Alice Steinbach, née Carter, was born in Baltimore, the daughter of a homemaker and a merchant seaman who died in World War II. She graduated from Western High School. According to her son, she was a self-taught journalist who began writing as director of publicity for the Baltimore Museum of Art in the 1970s, producing freelance articles for Art In America magazine and other publications.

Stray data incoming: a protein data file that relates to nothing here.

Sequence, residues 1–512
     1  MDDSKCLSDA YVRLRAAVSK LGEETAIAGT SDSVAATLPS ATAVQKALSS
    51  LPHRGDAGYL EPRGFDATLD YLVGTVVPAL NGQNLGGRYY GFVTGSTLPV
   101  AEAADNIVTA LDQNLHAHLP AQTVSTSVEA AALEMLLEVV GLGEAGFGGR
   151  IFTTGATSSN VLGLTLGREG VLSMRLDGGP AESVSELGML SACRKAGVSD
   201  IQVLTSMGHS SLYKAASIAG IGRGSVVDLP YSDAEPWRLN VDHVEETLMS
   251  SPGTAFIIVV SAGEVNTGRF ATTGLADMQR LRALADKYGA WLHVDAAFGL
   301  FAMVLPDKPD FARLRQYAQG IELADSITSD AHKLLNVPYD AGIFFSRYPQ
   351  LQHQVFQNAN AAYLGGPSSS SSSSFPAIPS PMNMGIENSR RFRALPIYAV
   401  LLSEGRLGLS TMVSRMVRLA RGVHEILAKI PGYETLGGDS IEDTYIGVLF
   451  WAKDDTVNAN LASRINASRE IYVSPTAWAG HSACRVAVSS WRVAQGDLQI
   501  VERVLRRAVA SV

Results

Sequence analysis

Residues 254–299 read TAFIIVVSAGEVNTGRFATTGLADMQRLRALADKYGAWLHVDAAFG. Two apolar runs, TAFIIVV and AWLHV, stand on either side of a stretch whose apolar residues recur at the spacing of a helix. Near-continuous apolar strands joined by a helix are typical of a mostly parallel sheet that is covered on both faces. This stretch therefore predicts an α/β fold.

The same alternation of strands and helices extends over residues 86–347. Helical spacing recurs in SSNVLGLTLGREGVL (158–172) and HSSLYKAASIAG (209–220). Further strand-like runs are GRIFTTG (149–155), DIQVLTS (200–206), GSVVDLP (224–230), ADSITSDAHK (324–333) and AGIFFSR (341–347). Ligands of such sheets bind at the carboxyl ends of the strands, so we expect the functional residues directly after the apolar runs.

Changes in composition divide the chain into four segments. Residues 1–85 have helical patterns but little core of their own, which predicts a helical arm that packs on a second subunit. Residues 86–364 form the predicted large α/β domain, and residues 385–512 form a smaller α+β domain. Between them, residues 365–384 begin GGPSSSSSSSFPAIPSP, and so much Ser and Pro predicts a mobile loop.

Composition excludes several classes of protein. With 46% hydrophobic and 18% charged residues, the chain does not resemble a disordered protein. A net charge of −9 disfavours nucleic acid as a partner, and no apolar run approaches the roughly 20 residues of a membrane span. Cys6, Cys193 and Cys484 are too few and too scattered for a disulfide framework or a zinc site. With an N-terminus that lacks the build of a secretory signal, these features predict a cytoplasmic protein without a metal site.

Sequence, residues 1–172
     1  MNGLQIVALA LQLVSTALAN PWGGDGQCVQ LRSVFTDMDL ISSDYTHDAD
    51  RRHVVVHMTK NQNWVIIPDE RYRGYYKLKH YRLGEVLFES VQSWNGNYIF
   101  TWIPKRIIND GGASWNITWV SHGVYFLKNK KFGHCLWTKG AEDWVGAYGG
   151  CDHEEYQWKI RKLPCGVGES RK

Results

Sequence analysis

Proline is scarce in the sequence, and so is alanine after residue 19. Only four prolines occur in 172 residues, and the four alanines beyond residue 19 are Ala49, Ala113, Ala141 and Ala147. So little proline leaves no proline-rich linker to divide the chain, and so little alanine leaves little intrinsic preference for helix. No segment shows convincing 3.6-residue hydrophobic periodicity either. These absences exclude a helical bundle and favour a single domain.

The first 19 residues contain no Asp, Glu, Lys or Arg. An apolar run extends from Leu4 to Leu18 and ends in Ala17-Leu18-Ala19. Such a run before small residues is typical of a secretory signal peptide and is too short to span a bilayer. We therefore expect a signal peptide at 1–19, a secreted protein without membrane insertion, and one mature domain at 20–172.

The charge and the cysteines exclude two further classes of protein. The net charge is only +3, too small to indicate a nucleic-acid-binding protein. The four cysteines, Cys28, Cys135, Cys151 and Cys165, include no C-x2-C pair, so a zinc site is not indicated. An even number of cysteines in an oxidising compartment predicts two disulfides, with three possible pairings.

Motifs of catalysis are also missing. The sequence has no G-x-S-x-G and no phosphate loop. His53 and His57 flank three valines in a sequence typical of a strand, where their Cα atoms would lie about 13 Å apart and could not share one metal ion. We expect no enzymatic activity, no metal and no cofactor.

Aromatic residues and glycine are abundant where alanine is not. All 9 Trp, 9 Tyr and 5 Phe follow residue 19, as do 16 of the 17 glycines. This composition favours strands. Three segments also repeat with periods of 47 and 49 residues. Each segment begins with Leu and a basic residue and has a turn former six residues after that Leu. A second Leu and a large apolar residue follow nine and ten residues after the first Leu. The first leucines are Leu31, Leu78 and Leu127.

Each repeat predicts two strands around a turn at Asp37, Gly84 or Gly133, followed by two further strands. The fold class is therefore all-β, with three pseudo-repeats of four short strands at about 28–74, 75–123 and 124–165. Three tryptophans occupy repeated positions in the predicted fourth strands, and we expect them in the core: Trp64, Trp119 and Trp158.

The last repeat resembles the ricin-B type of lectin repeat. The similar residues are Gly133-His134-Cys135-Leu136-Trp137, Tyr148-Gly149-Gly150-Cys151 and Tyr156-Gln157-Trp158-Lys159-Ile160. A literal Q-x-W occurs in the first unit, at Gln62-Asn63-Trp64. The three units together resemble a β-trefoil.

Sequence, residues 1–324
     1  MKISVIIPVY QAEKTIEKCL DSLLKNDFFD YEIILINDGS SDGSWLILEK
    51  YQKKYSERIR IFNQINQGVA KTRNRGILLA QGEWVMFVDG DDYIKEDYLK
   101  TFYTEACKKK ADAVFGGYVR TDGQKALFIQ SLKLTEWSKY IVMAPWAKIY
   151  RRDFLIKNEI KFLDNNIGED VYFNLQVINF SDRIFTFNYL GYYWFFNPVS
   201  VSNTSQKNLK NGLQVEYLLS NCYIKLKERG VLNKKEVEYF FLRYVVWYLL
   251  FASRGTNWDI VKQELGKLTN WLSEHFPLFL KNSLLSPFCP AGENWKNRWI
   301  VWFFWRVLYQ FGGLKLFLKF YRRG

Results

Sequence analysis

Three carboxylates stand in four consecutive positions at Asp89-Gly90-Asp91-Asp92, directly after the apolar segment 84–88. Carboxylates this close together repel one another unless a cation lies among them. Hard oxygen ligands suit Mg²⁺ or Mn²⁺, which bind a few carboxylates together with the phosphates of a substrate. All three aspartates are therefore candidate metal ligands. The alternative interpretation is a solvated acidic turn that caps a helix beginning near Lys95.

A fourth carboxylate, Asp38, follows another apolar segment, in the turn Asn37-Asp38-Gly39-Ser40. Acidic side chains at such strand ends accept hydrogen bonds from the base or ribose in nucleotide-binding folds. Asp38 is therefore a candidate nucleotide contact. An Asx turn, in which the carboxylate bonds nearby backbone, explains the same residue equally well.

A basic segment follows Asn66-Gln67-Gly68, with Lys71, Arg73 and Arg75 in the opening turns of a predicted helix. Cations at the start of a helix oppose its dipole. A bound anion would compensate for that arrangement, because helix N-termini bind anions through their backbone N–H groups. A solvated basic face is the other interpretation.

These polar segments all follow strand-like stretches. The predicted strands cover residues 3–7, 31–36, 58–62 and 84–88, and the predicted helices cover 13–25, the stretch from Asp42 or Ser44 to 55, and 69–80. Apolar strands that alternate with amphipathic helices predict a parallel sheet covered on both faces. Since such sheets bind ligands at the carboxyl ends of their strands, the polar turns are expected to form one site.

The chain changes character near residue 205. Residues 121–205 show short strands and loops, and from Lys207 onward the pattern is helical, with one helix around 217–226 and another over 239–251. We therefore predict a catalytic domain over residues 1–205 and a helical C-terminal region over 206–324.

In 1981, she got a job in the features department of The Baltimore Sun, where she also wrote a weekly bylined column during the late 1980s and early 1990s. She often profiled figures from the worlds of entertainment, literature, politics, society and the arts. Ms. Steinbach was the first woman at The Sun to win the Pulitzer Prize when she received the award for feature writing in 1985. In her late fifties, she took a sabbatical to spend a few months travelling alone in Europe, and produced a memoir, Without Reservations: The Travels of an Independent Woman (2000). She also was the author of two other books and one of the first regular contributors to the Maryland Morning radio program. She was the 1998-1999 McGraw Professor of Writing at Princeton University.